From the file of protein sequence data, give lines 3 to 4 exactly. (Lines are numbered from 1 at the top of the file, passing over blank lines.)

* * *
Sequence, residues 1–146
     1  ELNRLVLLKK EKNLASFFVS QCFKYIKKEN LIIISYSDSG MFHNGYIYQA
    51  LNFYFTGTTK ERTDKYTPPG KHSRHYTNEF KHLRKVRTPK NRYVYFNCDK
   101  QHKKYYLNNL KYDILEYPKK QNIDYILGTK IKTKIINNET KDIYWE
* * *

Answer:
    51  LNFYFTGTTK ERTDKYTPPG KHSRHYTNEF KHLRKVRTPK NRYVYFNCDK
   101  QHKKYYLNNL KYDILEYPKK QNIDYILGTK IKTKIINNET KDIYWE